Adams Family Correspondence, volume 4

Benjamin Waterhouse to John Adams, 30 September 1781 Waterhouse, Benjamin JA Benjamin Waterhouse to John Adams, 30 September 1781 Waterhouse, Benjamin Adams, John
Benjamin Waterhouse to John Adams
Dear Sir Corunna Septr. 30th. 1781

I imagine You heard by the last Post of our being at this Place, and the reasons of our coming here. It is a great disappointment to Us all; yet the danger of our proceeding in the Condition We were in and the hopes of getting out soon, ought to make Us content.

You already know I believe that there has been a very unfortunate difference between two of the Passengers1 and our Commodore, which has been carried to very great lengths indeed—a private pique has been tortured into a public affair, and matters have gone near to the destruction of our Ship. Affairs however have a better Aspect at present, and I fully believe We shall proceed on to America in a Week or ten days. I am mortified, grievously mortified, that We should injure ourselves in a foreign Country by our little private Animosities. If You ask me what gave rise to this difference? I answer I cannot positively say—various Reasons have been assigned for it. Whatever they may be You will think with me that this place or any other out 223of America are unfit for settling them, more especially if they any how concern public Affairs. Major Jackson takes Charles with him; as he says he has the absolute Charge of him, I cannot interpose. The Commodore was in some difficulty how to act on this head: he has done however as I should have done under the like Circumstances. If We arrive safe I shall not fail to acquaint his Mother with the reasons for his not coming at the same time I did. I have suffered much Anxiety and Mortification in this dispute, altho' I have not been immediately concerned. Mr. Van Haslet, Le Roy, Bromfield, Brailsford and myself have private Lodgings ashore, where We enjoy Peace and Quietness, and here We chearfully wait until We are called on board again, which I hope will be soon, unless another cruel step should be taken to detain Us and ruin the Ship.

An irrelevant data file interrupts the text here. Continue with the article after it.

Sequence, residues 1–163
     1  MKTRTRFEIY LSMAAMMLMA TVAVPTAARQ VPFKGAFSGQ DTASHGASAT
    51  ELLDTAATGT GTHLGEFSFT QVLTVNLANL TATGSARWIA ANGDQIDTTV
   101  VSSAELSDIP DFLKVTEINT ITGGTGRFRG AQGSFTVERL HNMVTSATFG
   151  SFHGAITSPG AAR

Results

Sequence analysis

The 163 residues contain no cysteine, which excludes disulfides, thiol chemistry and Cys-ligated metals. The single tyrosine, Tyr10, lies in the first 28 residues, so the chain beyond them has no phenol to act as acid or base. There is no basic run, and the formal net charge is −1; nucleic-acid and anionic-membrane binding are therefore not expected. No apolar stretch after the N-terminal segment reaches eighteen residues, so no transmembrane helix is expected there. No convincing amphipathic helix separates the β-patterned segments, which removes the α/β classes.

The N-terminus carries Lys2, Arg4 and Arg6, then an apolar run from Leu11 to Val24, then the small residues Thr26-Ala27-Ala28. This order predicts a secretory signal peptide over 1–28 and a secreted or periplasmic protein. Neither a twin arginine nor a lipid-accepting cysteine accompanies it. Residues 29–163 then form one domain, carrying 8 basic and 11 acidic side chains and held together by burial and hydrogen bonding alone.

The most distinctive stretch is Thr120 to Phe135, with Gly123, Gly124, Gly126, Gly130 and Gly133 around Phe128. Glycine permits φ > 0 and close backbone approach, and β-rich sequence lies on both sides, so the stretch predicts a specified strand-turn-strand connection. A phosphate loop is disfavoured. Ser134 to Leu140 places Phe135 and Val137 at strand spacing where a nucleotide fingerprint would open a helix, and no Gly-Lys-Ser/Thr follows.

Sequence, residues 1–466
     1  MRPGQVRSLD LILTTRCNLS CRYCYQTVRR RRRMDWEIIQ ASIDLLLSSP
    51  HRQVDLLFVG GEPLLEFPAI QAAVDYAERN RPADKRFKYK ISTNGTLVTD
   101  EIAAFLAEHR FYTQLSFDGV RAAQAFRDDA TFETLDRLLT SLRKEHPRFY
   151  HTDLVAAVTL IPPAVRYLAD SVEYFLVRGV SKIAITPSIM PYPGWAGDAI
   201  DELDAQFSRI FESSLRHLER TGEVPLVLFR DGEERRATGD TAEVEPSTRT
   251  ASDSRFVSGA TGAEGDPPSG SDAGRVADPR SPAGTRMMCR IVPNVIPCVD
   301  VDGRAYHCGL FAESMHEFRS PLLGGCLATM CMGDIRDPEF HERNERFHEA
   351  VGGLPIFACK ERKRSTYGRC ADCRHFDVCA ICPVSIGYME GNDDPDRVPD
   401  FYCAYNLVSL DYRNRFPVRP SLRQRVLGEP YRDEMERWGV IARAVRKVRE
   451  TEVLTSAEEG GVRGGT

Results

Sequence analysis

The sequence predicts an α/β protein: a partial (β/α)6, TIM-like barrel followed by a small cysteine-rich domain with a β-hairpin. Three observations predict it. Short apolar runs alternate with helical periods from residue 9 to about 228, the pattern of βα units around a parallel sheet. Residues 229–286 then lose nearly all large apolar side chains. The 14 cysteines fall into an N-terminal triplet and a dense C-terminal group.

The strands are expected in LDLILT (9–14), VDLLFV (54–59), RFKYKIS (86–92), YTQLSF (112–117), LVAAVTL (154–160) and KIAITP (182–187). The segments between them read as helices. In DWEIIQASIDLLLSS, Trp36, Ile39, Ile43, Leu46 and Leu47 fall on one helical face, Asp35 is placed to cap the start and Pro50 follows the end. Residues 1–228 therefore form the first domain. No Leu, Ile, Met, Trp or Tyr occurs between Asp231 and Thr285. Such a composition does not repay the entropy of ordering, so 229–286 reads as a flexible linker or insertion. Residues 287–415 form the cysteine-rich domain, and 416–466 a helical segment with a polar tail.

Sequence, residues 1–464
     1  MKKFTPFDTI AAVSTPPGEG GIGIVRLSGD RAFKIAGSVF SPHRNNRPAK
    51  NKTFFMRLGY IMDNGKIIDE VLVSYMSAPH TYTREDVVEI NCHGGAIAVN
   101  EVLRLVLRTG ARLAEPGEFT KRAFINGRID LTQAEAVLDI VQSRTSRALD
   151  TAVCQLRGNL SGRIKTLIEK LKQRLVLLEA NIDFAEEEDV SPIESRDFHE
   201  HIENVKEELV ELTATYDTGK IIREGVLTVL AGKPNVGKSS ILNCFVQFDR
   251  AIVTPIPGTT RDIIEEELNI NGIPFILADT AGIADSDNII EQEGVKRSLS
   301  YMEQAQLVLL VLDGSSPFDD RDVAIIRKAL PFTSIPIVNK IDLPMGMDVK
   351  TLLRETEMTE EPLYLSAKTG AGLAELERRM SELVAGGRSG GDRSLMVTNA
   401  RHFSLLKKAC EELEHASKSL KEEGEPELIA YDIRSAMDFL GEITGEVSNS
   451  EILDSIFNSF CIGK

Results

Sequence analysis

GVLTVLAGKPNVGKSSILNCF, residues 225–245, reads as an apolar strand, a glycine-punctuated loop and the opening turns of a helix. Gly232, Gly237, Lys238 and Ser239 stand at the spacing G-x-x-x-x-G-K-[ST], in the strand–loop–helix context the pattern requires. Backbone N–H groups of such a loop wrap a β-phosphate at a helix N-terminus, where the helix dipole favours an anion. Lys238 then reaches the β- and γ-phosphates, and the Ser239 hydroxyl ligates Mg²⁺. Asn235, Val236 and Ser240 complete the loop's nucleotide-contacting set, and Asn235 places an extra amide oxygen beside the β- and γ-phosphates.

We shall not get the Repairs We wished for, but shall patch up our defects as well as We can. If You wish to know why We proceed to sea at this season without thorough Repairs and ample provisions, I must refer You to Colo. James Searle and Major William Jackson, who I believe are the only People in the World capable of informing You.

With great Respect I am your obliged Friend, B. Waterhouse

Early Tr (PPAmP); in the hand of John Thaxter, who wrote at head of text: “Copy of a Letter from Dr. Waterhouse to Mr. Adams.” JA had Thaxter make this copy to enclose in his 25 Oct. letter to Benjamin Franklin; see JA, Papers, 12:49. The reasons for making this copy (now the only known text) are unknown.


William Jackson and James Searle.

James Lovell to Abigail Adams, 5 October 1781 Lovell, James AA James Lovell to Abigail Adams, 5 October 1781 Lovell, James Adams, Abigail
James Lovell to Abigail Adams
Octr. 5. 1781

I doubt not Madam, you have Letters from Mr. Adams of later Date than what we have received but that Fact will not prevent your Expectations of Something from me in the Way of retailed Politicks: — He has sent as I imagine but few duplicates of what are actually on Board Gillon. He dated May 16 and Augst. 3d. from Amsterdam, July 11. 14. 15 from Paris.1 He thinks Britain altogether insincere as to honorable Peace. He sees in Holland the almost absolute Certainty of no Loan till our Independence is acknowledged by the States General — a distant Period.

The other day Mr. Cumberland Dugan sent a Wagon from hence to Boston. He made me hope for a Chance of conveying at least a Part of your Goods, but found it impossible, finally, being obliged to load 400 lb. more than his first Contract. I had the large Chest 224hooped with Iron, and I hope soon to get an Opportunity of sending it.

I wish you every Happiness being with much Esteem, Madam, Your humble Servant, JL

RC (Adams Papers). Words in cipher have been deciphered between double verticals; in MS they are interlined in the hand of Richard Cranch. On Lovell's cipher see Appendix to this volume.


RC's of the letters mentioned, all addressed to the President of Congress and including two of the first date (16 May), are in PCC, No. 84, III; LbC's are in JA's letterbooks in use at the time (Lb/JA/16–17; Microfilms, Reel Nos. 104–105); printed texts are in Wharton, ed., Dipl. Corr. Amer. Rev. , 4:419–421, 560–561, 574, 575–576, 619–621.